On top of this, we can use our own pronouns, either in reality or on social media. For example, I identify as a cisgender male, and I prefer to use the pronouns I’ve been using all my life: he/him/his. And that’s ok too.

I choose to share these on Medium, Twitter, and Instagram because this shows support not only for my friend but also the genderqueer community as a whole. It demonstrates that I know non-binary identity is real and not some fad of the day, as many a Reddit troll would have me believe. And it helps to spread the message that gender-neutral pronouns are just as valid as gender-inclusive pronouns.

Social media can be useful in another way too. It’s a brilliant place to get behind genderqueer-friendly policies allowing humans who identify as non-binary to live however they please.

Anyone should be free to wear whatever the hell they want, so we should advocate for policies (like those on school uniform) that reiterate this idea. It’s nuts that we, as a species, are so preoccupied by what materials someone throws over their body to stay warm and keep their bits covered.

And they should be free to get those bits out to pee and poo in private wherever the hell they want too, so let’s help bring an end to gendered toilets. What’s up with separate male and female toilets anyway? We don’t have them in our homes, and I fail, for the life of me, to see why we should in public.

One thing’s for sure: I won’t be looking to J.K. Rowling for clarity on the issue. Although it’s mainly the trans community that’s somehow rattled the Harry Potter author’s cage, her bathroom politics piss me off beyond belief.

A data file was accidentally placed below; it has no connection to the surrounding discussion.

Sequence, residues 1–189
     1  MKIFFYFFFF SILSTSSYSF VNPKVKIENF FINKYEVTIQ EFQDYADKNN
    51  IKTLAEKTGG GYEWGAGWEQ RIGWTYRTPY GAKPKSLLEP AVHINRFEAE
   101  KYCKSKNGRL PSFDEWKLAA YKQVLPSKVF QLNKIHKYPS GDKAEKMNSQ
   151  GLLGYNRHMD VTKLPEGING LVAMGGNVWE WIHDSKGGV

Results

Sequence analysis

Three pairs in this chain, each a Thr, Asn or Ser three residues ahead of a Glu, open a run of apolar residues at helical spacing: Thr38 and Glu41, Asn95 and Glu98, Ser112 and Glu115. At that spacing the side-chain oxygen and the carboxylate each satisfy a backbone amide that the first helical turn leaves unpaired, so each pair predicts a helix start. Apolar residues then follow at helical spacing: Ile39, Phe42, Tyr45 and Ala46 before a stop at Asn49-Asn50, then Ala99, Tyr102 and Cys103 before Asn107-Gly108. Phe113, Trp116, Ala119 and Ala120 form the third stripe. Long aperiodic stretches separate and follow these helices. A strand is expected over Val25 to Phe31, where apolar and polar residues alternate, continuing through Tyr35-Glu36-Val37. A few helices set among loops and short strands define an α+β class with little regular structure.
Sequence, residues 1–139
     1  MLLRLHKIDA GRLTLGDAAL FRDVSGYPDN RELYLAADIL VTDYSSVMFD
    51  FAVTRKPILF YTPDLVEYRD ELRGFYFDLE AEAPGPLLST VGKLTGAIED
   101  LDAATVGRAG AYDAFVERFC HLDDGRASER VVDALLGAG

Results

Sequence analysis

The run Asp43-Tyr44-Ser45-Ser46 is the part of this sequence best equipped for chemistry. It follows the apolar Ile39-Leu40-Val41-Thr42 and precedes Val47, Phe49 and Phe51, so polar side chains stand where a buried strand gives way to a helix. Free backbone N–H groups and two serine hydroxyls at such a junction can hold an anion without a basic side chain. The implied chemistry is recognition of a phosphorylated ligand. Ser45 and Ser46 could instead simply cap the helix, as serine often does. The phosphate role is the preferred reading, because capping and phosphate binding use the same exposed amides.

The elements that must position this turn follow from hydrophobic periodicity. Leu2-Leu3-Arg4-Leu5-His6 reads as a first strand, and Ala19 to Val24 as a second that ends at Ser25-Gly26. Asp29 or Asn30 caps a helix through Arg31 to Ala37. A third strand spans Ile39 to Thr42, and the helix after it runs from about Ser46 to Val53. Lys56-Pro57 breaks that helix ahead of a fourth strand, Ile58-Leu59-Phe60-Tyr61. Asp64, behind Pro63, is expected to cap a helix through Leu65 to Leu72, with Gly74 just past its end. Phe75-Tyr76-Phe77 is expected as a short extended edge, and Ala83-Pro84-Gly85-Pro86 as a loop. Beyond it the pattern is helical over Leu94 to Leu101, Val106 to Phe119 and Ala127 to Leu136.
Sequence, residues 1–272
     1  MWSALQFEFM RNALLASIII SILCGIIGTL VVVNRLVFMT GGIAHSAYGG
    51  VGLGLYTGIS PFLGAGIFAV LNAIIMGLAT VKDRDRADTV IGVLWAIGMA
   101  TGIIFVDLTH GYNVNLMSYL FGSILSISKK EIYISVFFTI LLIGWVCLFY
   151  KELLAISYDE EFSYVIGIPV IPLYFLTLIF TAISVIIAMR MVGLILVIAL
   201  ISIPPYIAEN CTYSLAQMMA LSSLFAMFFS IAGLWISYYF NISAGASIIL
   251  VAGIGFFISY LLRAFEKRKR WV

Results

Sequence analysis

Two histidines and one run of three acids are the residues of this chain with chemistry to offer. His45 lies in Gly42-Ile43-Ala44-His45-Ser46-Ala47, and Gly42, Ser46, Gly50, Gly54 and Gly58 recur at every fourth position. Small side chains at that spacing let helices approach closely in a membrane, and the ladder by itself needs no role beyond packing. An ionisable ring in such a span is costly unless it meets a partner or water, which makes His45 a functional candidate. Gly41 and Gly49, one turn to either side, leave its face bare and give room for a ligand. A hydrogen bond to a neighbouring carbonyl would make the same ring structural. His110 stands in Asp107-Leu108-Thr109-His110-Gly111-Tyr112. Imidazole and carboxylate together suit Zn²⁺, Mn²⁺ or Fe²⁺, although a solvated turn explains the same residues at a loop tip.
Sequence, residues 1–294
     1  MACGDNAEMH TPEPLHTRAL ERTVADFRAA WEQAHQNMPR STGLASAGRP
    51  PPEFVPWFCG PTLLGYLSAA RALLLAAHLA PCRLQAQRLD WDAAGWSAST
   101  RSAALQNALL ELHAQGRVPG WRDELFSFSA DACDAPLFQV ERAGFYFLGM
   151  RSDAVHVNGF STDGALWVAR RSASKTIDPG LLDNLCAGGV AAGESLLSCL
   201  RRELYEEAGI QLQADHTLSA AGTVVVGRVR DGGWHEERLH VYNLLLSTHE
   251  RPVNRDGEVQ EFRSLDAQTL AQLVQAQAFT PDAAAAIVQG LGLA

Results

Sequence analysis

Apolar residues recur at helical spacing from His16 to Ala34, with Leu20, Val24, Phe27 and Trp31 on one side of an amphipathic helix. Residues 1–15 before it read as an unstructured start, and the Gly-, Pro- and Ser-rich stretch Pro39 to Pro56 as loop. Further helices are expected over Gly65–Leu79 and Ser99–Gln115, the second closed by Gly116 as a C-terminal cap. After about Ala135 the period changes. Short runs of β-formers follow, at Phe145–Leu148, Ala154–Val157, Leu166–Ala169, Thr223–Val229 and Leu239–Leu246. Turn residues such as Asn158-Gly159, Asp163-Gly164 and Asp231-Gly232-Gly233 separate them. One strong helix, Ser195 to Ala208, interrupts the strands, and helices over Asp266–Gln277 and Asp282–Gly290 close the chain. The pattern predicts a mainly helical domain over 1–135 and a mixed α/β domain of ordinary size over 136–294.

Ultimately, gendered clothing and gendered bathrooms — gendered anything really — are nothing more than human constructs. We created them for the wrong reasons, and we can destroy them for the right reasons. An inclusive world, after all, is a happy world.

There's no doubt humans are innately curious beasts, but one other thing we need to get on top of is daft, invasive questions like “what sex were you at birth?” and “what toilet do you use?” Designed, they may be, to satisfy such innate curiosity, we don’t have an inherent right to have it satisfied. The answers to questions those questions really are none of our bloody business.

Here’s a few more questions and statements non-binary people would love never to hear again. If anyone’s ever tempted to come out with any of this, they need to stop and ask themselves, “am I about to be a twat?” The likely answer is “yes,” which means all there is to do is think of something more supportive to say.

Because, at the end of the day, that’s the shape our end of the bargain takes: being supportive. We have it in us to reassure a marginalised segment of society that we’ve got their backs, that their existence is no less important than anyone else’s. So let’s not waste this power. Let’s use it to be the good humans we know we can be and prop up those having a tough time. Wouldn’t you hope for the same if you were in their position?

London-based freelance journo (mainly film & TV), content writer & editor, ghostwriter, and blogger. Also currently studying to be a UX writer.